This group, so named by Abel Tasman in 1643, is also called Leuenewa or Lord Howe, and is densely inhabited by natives said to be of Polynesian origin.
In 1642 Abel Janszoon Tasman sailed on a voyage of discovery from Batavia, the headquarters of the governor and council of the Dutch East Indies, under whose auspices the expedition was undertaken.
On the north-west of the continent the coast-line is much broken, the chief indentations being Admiralty Gulf, Collier Bay and King Sound, on the shores of Tasman Land.
Exploring expeditions were sent to Australia under his auspices in 1636 and 1642, and Abel Tasman named after him (Van Diemen's Land) the island now called Tasmania.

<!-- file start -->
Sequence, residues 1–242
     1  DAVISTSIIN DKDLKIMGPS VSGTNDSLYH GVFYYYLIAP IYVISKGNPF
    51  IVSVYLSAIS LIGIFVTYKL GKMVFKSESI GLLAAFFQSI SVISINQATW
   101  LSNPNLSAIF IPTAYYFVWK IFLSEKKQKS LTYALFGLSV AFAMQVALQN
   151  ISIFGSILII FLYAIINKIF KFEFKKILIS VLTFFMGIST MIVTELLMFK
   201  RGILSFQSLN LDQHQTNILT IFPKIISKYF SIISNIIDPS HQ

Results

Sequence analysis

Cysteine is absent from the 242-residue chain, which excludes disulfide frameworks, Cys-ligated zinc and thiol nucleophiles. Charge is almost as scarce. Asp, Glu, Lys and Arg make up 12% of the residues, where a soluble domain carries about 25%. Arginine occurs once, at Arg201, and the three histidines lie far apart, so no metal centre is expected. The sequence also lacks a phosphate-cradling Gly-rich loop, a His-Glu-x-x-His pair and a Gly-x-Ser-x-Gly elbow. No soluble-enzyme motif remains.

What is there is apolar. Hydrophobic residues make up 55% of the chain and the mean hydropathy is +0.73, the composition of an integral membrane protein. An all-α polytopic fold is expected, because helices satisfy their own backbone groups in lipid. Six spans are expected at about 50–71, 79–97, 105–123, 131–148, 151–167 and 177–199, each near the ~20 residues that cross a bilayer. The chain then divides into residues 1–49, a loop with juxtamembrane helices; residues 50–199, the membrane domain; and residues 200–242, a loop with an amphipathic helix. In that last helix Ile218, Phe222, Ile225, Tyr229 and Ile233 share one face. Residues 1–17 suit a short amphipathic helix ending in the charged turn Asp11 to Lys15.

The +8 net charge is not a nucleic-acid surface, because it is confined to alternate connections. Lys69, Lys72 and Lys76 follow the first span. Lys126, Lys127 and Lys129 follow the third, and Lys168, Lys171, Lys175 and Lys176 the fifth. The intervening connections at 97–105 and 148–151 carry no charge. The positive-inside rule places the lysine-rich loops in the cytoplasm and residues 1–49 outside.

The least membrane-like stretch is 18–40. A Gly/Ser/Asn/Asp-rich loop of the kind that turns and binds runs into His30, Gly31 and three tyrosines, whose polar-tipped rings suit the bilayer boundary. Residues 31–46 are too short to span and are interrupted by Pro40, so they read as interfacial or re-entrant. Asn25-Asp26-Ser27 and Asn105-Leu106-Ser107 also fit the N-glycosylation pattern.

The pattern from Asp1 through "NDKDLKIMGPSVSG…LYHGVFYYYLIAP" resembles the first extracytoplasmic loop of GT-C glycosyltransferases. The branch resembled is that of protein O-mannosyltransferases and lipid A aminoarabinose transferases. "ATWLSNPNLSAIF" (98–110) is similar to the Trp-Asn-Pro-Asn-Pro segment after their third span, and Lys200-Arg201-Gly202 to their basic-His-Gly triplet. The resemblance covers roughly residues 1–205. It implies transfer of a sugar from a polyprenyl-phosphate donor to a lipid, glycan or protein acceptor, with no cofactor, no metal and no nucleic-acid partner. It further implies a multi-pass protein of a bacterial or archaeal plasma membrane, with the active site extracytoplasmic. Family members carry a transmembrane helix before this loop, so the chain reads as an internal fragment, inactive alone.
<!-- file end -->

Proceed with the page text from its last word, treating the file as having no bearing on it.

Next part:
In 1644 Tasman made a second voyage to effect a fuller discovery of New Guinea.
After a visit to the Mauritius, then a Dutch possession, Tasman bore away to the south-east, and on the 24th of November sighted the western coast of the land which he named Van Diemen's Land, in honour of the governor under whose directions he was acting.
No doubt eastern Australia then extended far out into the Tasman Sea.
History.-Tasmania, or, as it was originally called, Van Diemen's Land, was discovered in 1642 by the Dutch navigator Tasman (q.v.) who named the territory after his patron, Van Diemen.
The Silurian system is represented by the Baton river beds to the west of the Aorere beds, occurring in the basin of the Motueka river, which flows into Tasman Bay.
In 1643 Abel Tasman arrived at Tongatapu and was more fortunate.